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Keels, Lisa M. “‘“Substantially Limited:” The Reproductive Rights of Women Living with HIV/AIDS.’” Baltimore Law Review, 2010, 1–34.


This article presents an analysis of Bragdon v. Abbott (1998), the Supreme Court case that allowed for the protection of people with HIV/AIDS under the Americans with Disabilities Act. The author argues that the legal basis for making this classification – that people were “substantially limited” by their HIV/AIDS status, particularly in their reproductive abilities – inadvertently served to further stigmatize women with HIV/AIDS who choose to reproduce. Furthermore, Keels argues that this case and the precedent it set for lower courts is out of touch with the medical advancements regarding treatment of people living with HIV/AIDS and prevention of mother-to-child transmission. Additionally, she posits that this stigma also serves to perpetuate both gender and socioeconomic discrimination. Drawing on a review of Bragdon v. Abbott and other court cases, public health data from the time of the court’s decision, research on women living with HIV/AIDS, and research on providing clinical care to people with HIV/AIDS, the author aims to demonstrate that not only is (and was) the court case inconsistent with contemporary scientific understandings of HIV/AIDS and its transmission, but the medical community is as well, both of which serve to limit women living with HIV/AIDS who wish to reproduce from doing so. She argues for both legal solutions to this change the existing precedent – including a new definition of “disability,” as well as collaborative efforts in the medical community to reduce the stigma facing women with HIV/AIDS who want to have children.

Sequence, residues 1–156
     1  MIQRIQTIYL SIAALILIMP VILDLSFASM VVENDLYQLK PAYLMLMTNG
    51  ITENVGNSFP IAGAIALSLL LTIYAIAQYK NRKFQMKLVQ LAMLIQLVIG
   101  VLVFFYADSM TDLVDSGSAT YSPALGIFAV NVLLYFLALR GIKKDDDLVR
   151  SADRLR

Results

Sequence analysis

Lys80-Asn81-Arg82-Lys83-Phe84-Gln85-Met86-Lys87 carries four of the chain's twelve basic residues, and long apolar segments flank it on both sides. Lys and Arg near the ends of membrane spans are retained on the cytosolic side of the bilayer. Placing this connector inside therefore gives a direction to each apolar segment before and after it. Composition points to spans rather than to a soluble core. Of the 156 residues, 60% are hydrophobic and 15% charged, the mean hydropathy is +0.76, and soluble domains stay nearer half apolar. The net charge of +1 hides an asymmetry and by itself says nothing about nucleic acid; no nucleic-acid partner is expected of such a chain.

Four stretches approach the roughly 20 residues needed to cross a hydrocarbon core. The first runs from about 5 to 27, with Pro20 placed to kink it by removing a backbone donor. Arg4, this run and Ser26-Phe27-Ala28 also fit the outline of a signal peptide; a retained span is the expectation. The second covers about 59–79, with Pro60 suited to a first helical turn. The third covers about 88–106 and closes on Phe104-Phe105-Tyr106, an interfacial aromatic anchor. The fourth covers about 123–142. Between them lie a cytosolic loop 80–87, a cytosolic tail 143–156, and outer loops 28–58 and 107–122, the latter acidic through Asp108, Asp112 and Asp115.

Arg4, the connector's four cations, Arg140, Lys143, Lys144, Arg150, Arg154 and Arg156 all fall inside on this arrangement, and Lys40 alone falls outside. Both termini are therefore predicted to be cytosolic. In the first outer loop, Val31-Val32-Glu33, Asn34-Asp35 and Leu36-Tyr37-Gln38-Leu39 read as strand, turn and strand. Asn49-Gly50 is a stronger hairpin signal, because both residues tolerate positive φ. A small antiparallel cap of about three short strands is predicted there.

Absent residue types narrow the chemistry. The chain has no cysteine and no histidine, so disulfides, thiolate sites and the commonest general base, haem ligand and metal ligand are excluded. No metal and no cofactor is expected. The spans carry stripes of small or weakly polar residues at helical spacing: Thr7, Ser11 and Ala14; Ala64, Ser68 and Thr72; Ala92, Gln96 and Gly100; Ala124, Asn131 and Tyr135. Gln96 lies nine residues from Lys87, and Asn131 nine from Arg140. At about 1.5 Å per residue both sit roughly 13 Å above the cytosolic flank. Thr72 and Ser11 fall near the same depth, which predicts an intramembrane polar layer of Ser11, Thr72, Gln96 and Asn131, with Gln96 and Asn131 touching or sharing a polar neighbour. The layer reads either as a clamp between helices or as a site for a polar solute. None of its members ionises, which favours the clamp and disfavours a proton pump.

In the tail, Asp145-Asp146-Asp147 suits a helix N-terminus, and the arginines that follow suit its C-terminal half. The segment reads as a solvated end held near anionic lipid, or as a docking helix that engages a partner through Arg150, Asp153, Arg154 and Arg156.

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Legal case   Disability justice   Health care   Pregnancy   Health disparities